Avó - Catita illustrations


Maria Midões, photographer, takes us on a journey through the sweetest memories of her grandmother's kitchen. Maria fondly recalls the family's favorite dishes, such as rice pudding and sea bass pasta, and how her grandmother taught her that cooking is a way to express love and perpetuate family tradition.
Generational Patterns Reading Grandmother 5 minutes

Part I

“Three children, an older girl and two boys following. They all ate the same things but each liked different things. You know, the youngest just wanted cakes and sweet things. There wasn't a breakfast where I didn't leave home to buy him a cake because bread was unnecessary for him. Sometimes I would come home from the market with cakes for us to eat at home with tea or coffee, and they wouldn't last until the end of the day. It was just like that, sweets and more sweets. I'm convinced that if he were alive, my boy would have diabetes because it was something out of this world with such food.”

He was the youngest, I never got to see him grow up. I heard about him countless times. As many times as allow me to say today that if I saw him on the street I would recognize him.

maria midoes post catita foto 1

"The older ones also ate very different things. The middle one, for example, when he was younger only liked to eat bread with butter and chocolate mousse. Oh, so much bread with butter he ate. Then sometimes before leaving home in the morning he would ask me what was for lunch. I would tell him what I was planning. He would leave and when he came back if by chance I had made something else, he would immediately tell me he had been thinking about it all morning and now he couldn't eat it. It was just like that, these cravings, he had appetites for things he thought of and then until it passed, I had to make them."

Part II

Rice pudding is one of those things I can't forget. Sitting waiting for it to finish cooking to attack the leftovers in the still hot pot makes me a happy person. But then there's the roasted kid, the tripe, the stewed chicken. And there's the pork with lobster whose recipe I won't give even if they pay me.

"If you ask me if I think I cook well... I don't know. Everyone at home liked the food, if they liked it I didn't care about anything else. But there are things that must have tasted good to them. My son, for example, before getting married, brought his girlfriend home and asked me to make sea bass pasta. For us, it was something we ate often, I made it, they liked it. Almost 20 years later, my daughter-in-law still told me she had never forgotten the taste. It's good to know this but I don't get vain. I just wanted them to like it and be well and that's it."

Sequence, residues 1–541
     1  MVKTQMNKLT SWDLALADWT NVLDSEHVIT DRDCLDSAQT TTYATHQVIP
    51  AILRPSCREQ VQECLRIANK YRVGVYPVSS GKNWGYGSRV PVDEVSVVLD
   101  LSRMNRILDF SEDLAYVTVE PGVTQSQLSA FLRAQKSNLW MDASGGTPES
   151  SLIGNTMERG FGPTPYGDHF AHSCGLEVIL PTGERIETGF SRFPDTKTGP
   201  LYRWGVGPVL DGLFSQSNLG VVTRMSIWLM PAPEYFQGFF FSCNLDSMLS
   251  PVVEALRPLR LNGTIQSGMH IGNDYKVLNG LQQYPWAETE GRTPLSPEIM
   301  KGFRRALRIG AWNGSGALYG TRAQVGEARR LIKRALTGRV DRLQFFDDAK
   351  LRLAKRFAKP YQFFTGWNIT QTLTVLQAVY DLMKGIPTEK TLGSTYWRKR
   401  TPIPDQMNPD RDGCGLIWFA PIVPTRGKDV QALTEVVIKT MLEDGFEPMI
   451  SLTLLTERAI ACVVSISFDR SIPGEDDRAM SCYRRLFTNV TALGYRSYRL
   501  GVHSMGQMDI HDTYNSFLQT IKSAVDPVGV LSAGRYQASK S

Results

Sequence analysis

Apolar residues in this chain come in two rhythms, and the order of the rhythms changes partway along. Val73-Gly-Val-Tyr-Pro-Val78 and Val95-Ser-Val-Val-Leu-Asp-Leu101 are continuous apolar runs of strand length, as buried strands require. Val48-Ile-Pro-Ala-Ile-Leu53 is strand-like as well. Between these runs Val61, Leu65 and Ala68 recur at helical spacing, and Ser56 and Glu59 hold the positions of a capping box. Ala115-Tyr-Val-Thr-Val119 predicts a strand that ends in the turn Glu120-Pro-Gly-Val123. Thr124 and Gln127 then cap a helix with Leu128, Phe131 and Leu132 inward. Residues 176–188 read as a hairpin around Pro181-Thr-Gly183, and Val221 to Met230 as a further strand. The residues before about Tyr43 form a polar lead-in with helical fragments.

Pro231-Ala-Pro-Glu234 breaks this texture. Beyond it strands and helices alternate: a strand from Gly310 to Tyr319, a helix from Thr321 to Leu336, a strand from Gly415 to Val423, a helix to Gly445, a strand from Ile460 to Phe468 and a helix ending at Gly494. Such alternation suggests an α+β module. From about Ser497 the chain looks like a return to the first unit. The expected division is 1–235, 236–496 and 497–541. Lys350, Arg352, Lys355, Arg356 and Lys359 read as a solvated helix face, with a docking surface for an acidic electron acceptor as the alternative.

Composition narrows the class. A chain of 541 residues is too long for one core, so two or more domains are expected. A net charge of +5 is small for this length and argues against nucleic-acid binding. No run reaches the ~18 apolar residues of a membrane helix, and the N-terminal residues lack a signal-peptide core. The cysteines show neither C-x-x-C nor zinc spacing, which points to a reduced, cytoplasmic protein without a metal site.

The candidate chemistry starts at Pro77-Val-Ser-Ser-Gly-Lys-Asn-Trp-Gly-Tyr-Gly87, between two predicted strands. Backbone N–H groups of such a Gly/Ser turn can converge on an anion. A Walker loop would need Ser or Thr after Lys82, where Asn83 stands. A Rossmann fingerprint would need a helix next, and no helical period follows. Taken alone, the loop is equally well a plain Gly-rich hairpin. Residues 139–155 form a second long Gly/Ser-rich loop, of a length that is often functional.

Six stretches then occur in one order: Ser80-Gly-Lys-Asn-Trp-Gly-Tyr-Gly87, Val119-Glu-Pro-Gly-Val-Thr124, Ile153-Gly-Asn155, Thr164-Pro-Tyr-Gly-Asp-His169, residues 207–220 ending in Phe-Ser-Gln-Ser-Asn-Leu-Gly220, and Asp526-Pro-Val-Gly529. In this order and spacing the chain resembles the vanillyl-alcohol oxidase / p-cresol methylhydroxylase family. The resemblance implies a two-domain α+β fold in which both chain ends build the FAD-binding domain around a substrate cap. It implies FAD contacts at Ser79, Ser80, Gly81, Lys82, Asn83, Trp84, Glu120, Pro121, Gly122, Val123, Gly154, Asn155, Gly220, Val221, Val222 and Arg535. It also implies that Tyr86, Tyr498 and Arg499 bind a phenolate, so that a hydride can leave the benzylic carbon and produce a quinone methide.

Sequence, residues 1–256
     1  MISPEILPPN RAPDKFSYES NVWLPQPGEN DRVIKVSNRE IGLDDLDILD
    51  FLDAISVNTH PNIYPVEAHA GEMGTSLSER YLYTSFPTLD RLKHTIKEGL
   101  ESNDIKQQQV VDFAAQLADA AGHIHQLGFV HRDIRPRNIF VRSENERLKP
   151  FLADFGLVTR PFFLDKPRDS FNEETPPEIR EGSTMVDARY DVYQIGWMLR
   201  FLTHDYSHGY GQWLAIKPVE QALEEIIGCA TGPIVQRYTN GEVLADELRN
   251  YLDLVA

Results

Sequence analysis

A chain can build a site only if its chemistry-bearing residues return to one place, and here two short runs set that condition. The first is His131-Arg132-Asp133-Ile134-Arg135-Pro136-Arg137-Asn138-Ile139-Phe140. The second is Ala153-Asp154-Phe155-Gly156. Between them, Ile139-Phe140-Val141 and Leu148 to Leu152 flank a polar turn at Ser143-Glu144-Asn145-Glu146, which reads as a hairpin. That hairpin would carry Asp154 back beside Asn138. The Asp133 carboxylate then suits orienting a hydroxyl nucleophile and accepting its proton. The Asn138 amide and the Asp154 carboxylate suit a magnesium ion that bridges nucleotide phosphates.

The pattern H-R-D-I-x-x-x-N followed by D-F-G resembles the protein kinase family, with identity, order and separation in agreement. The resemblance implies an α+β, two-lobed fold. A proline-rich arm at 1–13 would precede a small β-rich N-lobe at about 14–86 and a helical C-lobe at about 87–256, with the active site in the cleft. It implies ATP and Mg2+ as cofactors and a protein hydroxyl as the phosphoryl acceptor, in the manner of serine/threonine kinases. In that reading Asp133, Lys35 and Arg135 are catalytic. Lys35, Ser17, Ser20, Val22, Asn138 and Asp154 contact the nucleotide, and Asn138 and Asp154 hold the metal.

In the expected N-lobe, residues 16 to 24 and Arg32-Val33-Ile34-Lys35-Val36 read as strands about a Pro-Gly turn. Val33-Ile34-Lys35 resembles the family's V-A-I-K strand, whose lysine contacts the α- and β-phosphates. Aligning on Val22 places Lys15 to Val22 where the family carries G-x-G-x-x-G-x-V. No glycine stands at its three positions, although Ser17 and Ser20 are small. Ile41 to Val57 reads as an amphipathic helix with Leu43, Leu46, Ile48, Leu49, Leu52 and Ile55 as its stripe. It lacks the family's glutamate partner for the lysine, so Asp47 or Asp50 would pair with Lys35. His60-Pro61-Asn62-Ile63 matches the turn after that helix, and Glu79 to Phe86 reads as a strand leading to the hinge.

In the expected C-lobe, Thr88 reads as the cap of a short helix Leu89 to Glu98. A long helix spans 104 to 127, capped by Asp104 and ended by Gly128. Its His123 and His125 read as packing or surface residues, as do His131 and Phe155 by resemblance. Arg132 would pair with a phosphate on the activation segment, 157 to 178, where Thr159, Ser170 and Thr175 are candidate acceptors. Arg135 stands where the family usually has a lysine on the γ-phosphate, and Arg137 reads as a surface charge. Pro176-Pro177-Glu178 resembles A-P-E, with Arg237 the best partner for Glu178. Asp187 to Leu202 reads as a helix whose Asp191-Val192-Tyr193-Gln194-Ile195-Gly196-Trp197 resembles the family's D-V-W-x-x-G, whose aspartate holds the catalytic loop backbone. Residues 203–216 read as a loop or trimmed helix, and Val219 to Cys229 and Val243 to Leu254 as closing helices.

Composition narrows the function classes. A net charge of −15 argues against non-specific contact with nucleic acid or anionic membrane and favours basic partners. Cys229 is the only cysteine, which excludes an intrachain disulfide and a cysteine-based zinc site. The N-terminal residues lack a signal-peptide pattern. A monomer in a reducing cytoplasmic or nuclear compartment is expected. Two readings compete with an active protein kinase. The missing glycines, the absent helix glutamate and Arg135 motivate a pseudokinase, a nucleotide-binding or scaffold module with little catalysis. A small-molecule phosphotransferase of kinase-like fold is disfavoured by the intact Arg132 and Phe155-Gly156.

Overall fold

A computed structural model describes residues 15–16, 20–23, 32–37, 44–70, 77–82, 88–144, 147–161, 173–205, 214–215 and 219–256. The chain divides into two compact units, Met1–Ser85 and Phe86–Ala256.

maria midoes post catita foto 2

The water boiled, she added the rice and kept stirring. She also heated the milk until it boiled, then turned off the heat and started cleaning up the mess, throwing away ingredients she no longer needed. She cracked the eggs. It's stirred differently from a few years ago but the hair is exactly the same. The gesture of tasting the rice is also the same but I think it takes longer now. I also think it tastes better to her.

She tells me there are things she has always loved to eat. Apart from fish, she never says no to suckling pig. She also tells me she loves sweets. Mousse, caramel custard, rice pudding, crème brûlée. Whatever there is. "Now I don't cook as much. But my grandchildren also like my food. I mean, they say they like it but now there's so much food out there that I even get lost. They talk to me about sushi and I love fish so much I can't imagine myself eating raw fish. They know best, as long as they eat well that's what matters."

She cracked the eggs, mixed in the sugar. After the rice boiled, she gradually added the milk, never all at once "so we can see what we need, there are no disasters here".

Part III

I've known her for 36 years. She was the first person to see me in the maternity ward, after my parents and the medical team, of course. When she arrived at the hospital nursery with my father, he no longer knew which of the babies was his. He had only seen me for two seconds before going to fetch her. In front of the nursery window, like a showcase of life, he said to her, “Look mom, I don’t know which one it is, you choose” 😅 But my grandmother pointed and said "it's that one". And it was, and I am, and I have done what I can to be. The son who asked for the sea bass pasta was my father, the girlfriend who still remembered the dish 20 years later was my mother (part II)

maria midoes post catita foto 3

My grandmother taught me that cooking is one of the best ways to show others how much we care about them. And so many other things that have nothing to do with food but add flavor to life.

I hope that wherever and with whoever you are, you have a happy time. Without fear. Of gratitude, empathy, health.


You can follow Maria here.

Continue reading

Leave a comment

All comments are moderated before being published.

This site is protected by reCAPTCHA and the Google Privacy Policy and Terms of Service apply.